United States v. Mansion House Center No. Redev. Co., 426 F. Supp. 479 (E.D. Mo. 1977)

U.S. District Court for the Eastern District of Missouri - 426 F. Supp. 479 (E.D. Mo. 1977)
February 4, 1977

426 F. Supp. 479 (1977)

The UNITED STATES of America, Plaintiff,
v.
MANSION HOUSE CENTER NORTH REDEVELOPMENT COMPANY, a limited partnership, et al., Defendants.

No. 76-20C(4).

United States District Court, E. D. Missouri, E. D.

February 4, 1977.

Joseph B. Moore, Asst. U.S. Atty., U.S. Dept. of Justice, St. Louis, Mo., for plaintiff.

Gene M. Zafft, Rosenblum, Goldenhersh, Silverstein & Zafft, St. Louis, Mo., for receiver.

Edward I. Cutler, Carlton, Fields, Ward, Emmanuel, Smith & Cutler, P.A., Tampa, Fla., Edward I. Cutler, Orlando, Fla., for receiver in bankruptcy.

Maurice B. Frank, pro se.

H. Laddie Montague, Jr., David Berger, P.A., Philadelphia, Pa., Jules S. Cohen, Orlando, Fla., for Frank.

No attys. of record for other defendants.

 
*480 MEMORANDUM

NANGLE, District Judge.

This matter is before the Court upon the request of the receiver pendente lite for instructions. Plaintiff brought this suit, as mortgagee of an apartment and motor hotel complex, seeking a variety of relief to protect its interests therein. On September 8, 1976, this Court appointed a receiver pendente lite to take possession of all properties described in the complaint, and all improvements thereon. This included properties owned by defendants Mansion House Center South Redevelopment Company and Mansion House Center South Redevelopment Corporation. Defendant Maurice Frank was a general partner of the Company and the sole owner of the Corporation. The Corporation was a corporate general partner of the Company.

On December 30, 1976, Jules S. Cohen, an attorney acting on behalf of defendant Frank, filed a petition under Chapter XII of the Bankruptcy Act for the Company and a Chapter XI petition on behalf of the Corporation, in Orlando, Florida. On December 31, 1976, Jules Cohen, acting on behalf of defendant Frank, demanded immediate possession of the assets of the Company from the receiver. The receiver was directed to contact defendant Frank. In response, the receiver asserted that defendant Frank was not, on the date of the filing of these petitions, a general partner of the Company. Accordingly, the receiver rejected the demand. The present request for instructions followed.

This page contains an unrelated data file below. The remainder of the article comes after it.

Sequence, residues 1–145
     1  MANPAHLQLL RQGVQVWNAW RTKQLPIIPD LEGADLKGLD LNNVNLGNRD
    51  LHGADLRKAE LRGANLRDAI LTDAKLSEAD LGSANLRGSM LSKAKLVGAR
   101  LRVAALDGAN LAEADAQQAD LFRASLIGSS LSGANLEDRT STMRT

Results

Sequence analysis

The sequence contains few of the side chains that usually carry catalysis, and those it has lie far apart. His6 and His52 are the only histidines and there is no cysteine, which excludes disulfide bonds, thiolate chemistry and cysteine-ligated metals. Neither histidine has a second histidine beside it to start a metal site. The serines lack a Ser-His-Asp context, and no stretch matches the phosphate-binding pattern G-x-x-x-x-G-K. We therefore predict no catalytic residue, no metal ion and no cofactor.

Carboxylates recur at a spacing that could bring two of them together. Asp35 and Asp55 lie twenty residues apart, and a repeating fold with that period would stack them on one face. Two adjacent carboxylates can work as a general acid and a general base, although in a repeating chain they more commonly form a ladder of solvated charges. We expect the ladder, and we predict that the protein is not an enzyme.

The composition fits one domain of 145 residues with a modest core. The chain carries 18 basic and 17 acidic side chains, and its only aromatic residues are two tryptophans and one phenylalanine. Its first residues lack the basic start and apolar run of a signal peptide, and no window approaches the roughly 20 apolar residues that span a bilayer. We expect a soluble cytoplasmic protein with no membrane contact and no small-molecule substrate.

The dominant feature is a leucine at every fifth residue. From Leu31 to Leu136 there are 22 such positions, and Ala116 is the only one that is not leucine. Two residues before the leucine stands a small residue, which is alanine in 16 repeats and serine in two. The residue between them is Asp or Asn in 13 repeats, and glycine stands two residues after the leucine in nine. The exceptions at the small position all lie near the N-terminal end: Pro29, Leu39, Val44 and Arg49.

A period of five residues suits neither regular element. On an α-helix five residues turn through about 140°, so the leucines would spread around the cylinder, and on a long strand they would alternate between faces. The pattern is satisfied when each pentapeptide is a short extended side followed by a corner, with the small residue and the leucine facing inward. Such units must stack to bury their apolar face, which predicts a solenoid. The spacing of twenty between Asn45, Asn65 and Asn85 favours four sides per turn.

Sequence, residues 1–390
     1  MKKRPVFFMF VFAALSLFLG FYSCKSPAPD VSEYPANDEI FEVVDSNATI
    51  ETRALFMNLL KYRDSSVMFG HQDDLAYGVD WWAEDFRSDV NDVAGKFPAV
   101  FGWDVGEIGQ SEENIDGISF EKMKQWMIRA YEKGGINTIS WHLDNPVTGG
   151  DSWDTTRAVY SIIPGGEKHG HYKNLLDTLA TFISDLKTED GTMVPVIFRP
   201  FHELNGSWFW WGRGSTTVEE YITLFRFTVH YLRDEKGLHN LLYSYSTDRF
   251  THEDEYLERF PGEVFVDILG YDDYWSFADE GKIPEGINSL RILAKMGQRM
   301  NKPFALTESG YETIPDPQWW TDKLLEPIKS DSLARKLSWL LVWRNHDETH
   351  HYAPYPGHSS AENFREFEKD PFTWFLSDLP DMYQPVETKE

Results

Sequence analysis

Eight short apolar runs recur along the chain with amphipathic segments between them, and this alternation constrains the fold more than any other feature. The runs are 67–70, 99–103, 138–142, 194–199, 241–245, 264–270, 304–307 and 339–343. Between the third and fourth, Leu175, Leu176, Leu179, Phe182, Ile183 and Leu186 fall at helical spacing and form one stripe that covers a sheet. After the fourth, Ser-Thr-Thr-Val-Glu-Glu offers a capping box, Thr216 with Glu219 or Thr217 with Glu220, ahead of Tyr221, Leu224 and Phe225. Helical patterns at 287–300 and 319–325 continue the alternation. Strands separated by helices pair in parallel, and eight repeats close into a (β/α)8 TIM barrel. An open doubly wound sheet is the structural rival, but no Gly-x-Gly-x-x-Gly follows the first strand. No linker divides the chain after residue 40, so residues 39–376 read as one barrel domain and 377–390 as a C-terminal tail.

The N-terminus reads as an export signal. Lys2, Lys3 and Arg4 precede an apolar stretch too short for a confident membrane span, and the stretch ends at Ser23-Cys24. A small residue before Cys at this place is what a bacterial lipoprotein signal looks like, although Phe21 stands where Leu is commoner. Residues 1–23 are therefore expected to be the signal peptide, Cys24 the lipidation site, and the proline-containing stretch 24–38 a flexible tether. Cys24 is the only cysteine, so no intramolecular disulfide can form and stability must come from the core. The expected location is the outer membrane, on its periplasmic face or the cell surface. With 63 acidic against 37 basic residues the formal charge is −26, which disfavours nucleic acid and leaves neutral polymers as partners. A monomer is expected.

Initially, the Court notes that it has jurisdiction to determine the question presented. Amoco Pipeline Company v. Admiral Crude Oil Corp., 490 F.2d 114 (10th Cir. 1974). But see, In re M. J. Johnson Aircraft Mfg. Co., 110 F. Supp. 590 (D.C.N.J.1953).

Hearings were held on this and other motions on January 14, 19, and 28, 1977. The evidence adduced at these hearings establishes the following:

The Company is a limited partnership whose general partners were defendant Frank and defendant Corporation. The Corporation had its charter revoked by the state of Missouri in January, 1976 and at the time of the filing of a Chapter XII petition on behalf of the Company, had not had this forfeiture rescinded.

On June 28, 1976, defendant Frank gave notice of his intention to resign as general partner of the Company effective July 31, 1976.

Section 6.2 of the Limited Partnership Agreement provides:

 
Any individual General Partner shall have the right to retire from the Partnership at the end of any year, upon at least 60 days' written notice to the other General Partners and payment in cash of his indebtedness to the Partnership . . . If, after such retirement, there would not be any individual General Partner, the corporate General Partner shall use its best efforts to arrange for a new General Partner to acquire the interest of the retiring individual General Partner pursuant to Section 6.4. If unsuccessful the corporate General Partners shall first cause the Partnership to liquidate the interest of the retiring partner . . . and thereafter follow the procedure prescribed in Section 6.1(b), and thus terminate the Partnership.

Section 6.1(b) provides in part that if, upon dissolution,

 
. . . two or more General or Limited Partners who, immediately prior to dissolution, are entitled under Section 5.2 and 5.3 hereof to more than 50% of the profits of the Partnership, signify in writing their desire to continue in a successor partnership, then the assets of the Partnership, subject to its liabilities and to the liability to the retiring partners provided for herein, shall be distributed in kind to the successor partnership thus formed and the successor partnership shall assume such liabilities and shall hold the Partnership and its partners harmless therefrom.
 
Section 6.4 of the Agreement provides